Los Angeles -- Network TV was supposed to have unplugged the jukebox by now.
Just a few years ago, the oversaturation of talent shows suggested the genre would soon go the way of vaudeville. “The X Factor” expired after just three seasons, and Fox canceled “American Idol,” a show that had been so dominant for a decade that competitors nicknamed it the Death Star. Similar shows — “Duets,” “Rock Star,” “Sing Your Face Off” — lasted about as long as a Ramones song.
But the music just keeps playing. This month Fox debuted “The Four: Battle for Stardom,” in which seasoned veterans compete for seats on a sci-fi version of “The Dating Game” set. CBS is developing an entry of its own with Justin Bieber’s manager, Scooter Braun. And “Idol” will return in March, just two weeks after reigning champ “The Voice” begins its 14th season.
“As long as there’s music, this genre can continue to grow,” said veteran starmaker Sean “Diddy” Combs, who tries to prove he can be more brutal than Simon Cowell as the most high-profile judge on “The Four.”
The show tied “Beat Shazam” as the network’s most successful new unscripted show in three years.
“In a day and age when everyone is looking for something fresh, we are the new kids on the block, and we are coming with rambunctious, captivating, entertaining energy,” Combs said.
“American Idol” returns from a two-year hiatus with the same host (Ryan Seacrest), but a different network (ABC instead of Fox).
“It’s like Procter & Gamble. Are you tired of soap? No one’s tired of soap,” said Lionel Richie, who will share airtime with Katy Perry and Luke Bryan on the show’s all-star panel. “Every once in a while you have to step back and refresh it, and it moves forward.”
Some shows in the genre have never needed a timeout, though. “America’s Got Talent” has been the top-ranked summer show for its entire 12-season run. “The Voice” has never averaged less than 10 million viewers since its premiere in 2011.
“People love watching and being part of the career,” said original “Idol” winner Kelly Clarkson, who will join “The Voice” when it returns Feb. 26. “It’s that cool moment when I’m in Target and a woman comes up to me and says, ‘I’ve been singing my entire life. I watched you and we’re so similar. I feel like I won that night.’ That’s a cool dream to be a part of.”
Part of the genre’s appeal is its family-friendly nature, giving fans a chance to root for underdogs with a higher goal than hooking up with “The Bachelor.”
“They’ll feel all those dopamine things they need to feel good,” Perry said. “The biggest gift we supply is inspiration. Ten years ago, I was where they are. I had three labels drop me. I was couch-surfing. I was eating Trader Joe’s frozen chicken nuggets every day of the week. And we have this ability to give them an incredible journey.”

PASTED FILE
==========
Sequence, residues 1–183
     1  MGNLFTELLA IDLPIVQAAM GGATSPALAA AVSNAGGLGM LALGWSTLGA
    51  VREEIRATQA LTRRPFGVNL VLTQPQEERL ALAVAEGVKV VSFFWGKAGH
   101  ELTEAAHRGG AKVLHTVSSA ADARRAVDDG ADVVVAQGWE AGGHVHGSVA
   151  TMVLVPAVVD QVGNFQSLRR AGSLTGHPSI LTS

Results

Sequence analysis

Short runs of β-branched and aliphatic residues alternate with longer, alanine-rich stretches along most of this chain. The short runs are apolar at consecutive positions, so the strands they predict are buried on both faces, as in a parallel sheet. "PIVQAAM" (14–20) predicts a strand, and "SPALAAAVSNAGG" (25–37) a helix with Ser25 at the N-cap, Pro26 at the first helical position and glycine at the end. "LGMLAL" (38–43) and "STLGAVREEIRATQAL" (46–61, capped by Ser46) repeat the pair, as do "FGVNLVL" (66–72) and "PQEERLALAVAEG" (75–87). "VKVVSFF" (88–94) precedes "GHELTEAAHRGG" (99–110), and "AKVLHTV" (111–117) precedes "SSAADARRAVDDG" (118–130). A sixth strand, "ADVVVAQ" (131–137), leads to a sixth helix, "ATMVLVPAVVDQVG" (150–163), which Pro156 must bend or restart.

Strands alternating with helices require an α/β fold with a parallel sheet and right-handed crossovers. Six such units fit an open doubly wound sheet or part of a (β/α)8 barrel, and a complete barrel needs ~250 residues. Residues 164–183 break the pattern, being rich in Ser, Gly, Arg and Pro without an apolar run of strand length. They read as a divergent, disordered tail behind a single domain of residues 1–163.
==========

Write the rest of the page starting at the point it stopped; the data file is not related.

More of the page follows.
Tone-deaf contestants, once ridiculed in preliminary rounds of TV talent shows, are no longer a staple. The shows have grown up, just like their audiences.
“After 15 years, it just doesn’t feel comfortable putting borderline unstable people up there and laughing at them,” said “Idol” executive producer Trish Kinane.
“One of the key things I feel about the show is that it shouldn’t feel manipulated,” she said. “In the past, people thought the judges saw everybody, thousands and thousands of people. Now they know there’s a line before that where the producers sit. We don’t want them to think producers picked them just for a laugh.”
Talent moves to front
Putting the emphasis on truly gifted performers gives these shows a stronger shot at producing stars, even though you still might not be able to name a single winner of “The Voice.”
For the record, the Season 12 champ was Chris Blue and he’s doing just fine. His first post-TV single, “Blue Blood Blues,” hit No. 3 on the R&B chart last month, and he’s now managed by Alicia Keys.
“Iron sharpens iron,” Blue said. “I knew if I wanted to be excellent, I had to be around excellent people, and ‘The Voice’ did that for me. It wasn’t about winning a show. It was about winning in life.”
Even a slight boost is welcome these days in a music industry that is struggling to make headway as fans turn to streaming services. Network TV sees reality shows as a way of reaching a broad audience, but artists may need them even more.
“Let’s face it: In all forms of entertainment, the way we get paid has taken a hit,” Bryan said. “When the music industry has a star born on TV — when it lands in their lap — it’s a win for the label and its ability to promote its artists. What a kick-start.
“I remember when I got my record deal, ‘American Idol’ was already going. I was like, ‘Gosh, it would have pretty awesome to have had the opportunity to try out and start on that platform.’?”
It’s unlikely we’ll return to the days when “Idol” drew a Super Bowl-sized audience. But creating the next Kelly Clarkson — or even a Scotty McCreery — would certainly offer the genre more stability, especially with the competition between these shows heating up.
In some ways, this is a great time for network TV to develop stars.
“These days, it’s so hard to stand out,” Perry said. “You have to, like, light yourself on fire on Instagram while singing. And even then, you might not get enough hits from online listeners to make sure a song really sticks. So maybe it has come full circle. Maybe this launching pad will give an advantage to those that need the spotlight.”
Whether these shows exist or not, “there’s new talent that comes out every day and new talent that grows,” said celebrated producer DJ Khaled, a judge on “The Four.”
“Music is forever. You can’t stop that.”
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